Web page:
I lay there in bed, covered in chips and four seasons into The X-Files. No energy to move, nothing invigorated me and I’d succumb to a whirlpool of self-pity.
We were young and she’d cheated on me. This was the first and definitely not the last time I felt like this. There’s something about your first true heartbreak that really hits you. By the time most of us have truly experienced it, we’re unfamiliar to loss. For some, this is a true indication of what emotional pain can feel like and an eye-opener for what lies ahead on the path of life.
All of this sounds terribly self-indulgent and bubbling with teenage angst, but I want you to come on this emotional rollercoaster with me, okay?
You’re probably wondering where does The Last of Us come into this? It was the last thing I was expecting too, trust me.
This all happened right around the release of The Last of Us – the flagship title that was set to see the PlayStation 3 life cycle into the horizon. It was a game surrounded in hype and that I’d been excited for since its initial reveal. I’d completely forgot it was coming out until a knock on the door from the postman.
It had arrived.
As soon as the game finished installing, I had no urge to play it. How could this game possibly make me feel better? I can barely muster the energy to get out of bed, let alone immerse myself into a game. But I needed to get out of this rut, so I pushed myself forward.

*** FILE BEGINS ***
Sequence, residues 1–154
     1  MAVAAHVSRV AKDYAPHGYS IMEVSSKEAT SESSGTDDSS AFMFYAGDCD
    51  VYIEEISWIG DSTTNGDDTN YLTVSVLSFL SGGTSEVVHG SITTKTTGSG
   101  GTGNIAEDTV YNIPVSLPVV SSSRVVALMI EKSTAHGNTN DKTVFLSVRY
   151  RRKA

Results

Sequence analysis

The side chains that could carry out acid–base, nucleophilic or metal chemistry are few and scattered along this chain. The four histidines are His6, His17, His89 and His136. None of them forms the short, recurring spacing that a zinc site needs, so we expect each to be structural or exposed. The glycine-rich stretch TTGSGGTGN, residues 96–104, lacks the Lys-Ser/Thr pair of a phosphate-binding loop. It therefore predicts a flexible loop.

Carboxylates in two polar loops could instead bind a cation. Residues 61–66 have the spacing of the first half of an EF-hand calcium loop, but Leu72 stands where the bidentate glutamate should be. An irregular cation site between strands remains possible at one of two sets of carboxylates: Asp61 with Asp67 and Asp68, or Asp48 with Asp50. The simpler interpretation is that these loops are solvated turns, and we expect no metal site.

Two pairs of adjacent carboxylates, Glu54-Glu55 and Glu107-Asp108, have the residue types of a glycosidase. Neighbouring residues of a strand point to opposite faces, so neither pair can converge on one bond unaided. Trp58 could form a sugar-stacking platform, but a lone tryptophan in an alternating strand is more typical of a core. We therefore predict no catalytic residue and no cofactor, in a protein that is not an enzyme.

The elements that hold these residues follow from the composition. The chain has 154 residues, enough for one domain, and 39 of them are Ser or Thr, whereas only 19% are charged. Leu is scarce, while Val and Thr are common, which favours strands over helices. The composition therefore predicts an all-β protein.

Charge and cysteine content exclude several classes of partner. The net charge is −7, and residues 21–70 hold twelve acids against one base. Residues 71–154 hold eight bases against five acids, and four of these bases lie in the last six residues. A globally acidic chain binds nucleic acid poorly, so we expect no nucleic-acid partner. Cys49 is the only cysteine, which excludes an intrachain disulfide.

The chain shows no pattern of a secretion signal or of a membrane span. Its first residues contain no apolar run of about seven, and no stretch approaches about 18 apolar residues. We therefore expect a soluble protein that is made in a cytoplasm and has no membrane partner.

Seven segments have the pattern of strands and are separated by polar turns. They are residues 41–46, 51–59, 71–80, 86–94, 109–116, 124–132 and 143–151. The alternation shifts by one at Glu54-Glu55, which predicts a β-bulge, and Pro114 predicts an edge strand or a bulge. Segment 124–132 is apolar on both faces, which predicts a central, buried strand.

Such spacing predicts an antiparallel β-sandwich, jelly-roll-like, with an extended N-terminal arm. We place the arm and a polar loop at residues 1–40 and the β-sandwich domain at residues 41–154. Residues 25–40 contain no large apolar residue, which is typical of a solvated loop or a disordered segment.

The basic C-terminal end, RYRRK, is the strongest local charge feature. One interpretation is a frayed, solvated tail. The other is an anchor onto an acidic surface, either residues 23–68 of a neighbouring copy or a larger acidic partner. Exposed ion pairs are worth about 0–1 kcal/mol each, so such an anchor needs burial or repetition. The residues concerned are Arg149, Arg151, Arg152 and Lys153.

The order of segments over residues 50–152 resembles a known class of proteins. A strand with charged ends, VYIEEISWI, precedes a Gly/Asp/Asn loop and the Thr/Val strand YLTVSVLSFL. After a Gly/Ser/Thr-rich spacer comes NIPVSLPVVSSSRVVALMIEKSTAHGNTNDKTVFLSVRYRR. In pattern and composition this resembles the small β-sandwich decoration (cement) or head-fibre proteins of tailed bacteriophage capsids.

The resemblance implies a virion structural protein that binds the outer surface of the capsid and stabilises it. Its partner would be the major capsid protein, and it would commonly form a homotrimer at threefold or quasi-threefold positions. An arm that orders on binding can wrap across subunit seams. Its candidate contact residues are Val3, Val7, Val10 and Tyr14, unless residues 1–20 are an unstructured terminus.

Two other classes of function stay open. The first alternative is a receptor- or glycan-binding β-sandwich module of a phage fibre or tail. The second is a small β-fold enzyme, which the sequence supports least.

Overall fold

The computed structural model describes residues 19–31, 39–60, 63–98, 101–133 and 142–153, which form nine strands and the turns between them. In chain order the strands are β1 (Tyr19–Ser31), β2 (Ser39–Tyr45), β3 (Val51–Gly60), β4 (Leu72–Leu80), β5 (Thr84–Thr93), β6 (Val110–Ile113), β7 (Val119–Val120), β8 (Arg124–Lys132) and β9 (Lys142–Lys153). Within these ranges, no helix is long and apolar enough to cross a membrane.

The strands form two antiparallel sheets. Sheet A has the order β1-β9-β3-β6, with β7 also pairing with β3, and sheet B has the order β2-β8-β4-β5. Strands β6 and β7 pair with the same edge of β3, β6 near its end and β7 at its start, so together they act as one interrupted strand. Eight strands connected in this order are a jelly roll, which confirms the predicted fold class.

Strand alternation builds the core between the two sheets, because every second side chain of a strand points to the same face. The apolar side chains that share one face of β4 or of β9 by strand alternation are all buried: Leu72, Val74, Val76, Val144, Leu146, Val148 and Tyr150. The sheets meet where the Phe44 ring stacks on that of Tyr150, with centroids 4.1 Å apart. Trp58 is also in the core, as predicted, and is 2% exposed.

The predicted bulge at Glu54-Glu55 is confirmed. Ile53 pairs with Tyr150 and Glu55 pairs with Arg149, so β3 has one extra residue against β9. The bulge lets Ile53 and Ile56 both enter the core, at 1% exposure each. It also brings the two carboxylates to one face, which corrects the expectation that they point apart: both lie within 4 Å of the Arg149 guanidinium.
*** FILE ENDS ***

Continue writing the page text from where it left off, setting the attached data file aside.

Thirty minutes later, I was in tears as the emotional opening sequence of The Last of Us hit me like a bus.
Spoilers for The Last of Us to follow.
Our main protagonist, Joel, lay there, clutching the body of his now-dead daughter in his hands, taken away with no warning.
It’s obvious that the death of a child and a breakup are completely different, no one will argue that. But what Joel and I were both experiencing was something that resonated with me throughout the whole experience – loss.
In the early hours of The Last of Us, Joel is cold, reserved and detached from anyone else around him. The loss of his daughter has burdened on him over the years, causing an impenetrable emotional barrier with no entry.
Through the initial post-breakup, my room was my shelter.
A place in which I could be alone and consistently question the time I’d invested into this girl who I’d wholeheartedly loved. Unfortunately for Joel, there is no hole for him to shut himself away. The world of The Last of Us is a barren wasteland filled with the repugnant remains of humanity, creatures and emotional demons that torment him.
Then comes Ellie.
Ellie is a means of passage for Joel as he comes to terms with the reality of his situation. The Last of Us is my gateway to move on.
“You are not my daughter,” Joel tells Ellie, in The Last of Us’ best and most emotional moment. The two have clashed consistently through their time together till this point and Joel is refusing to let his guard down.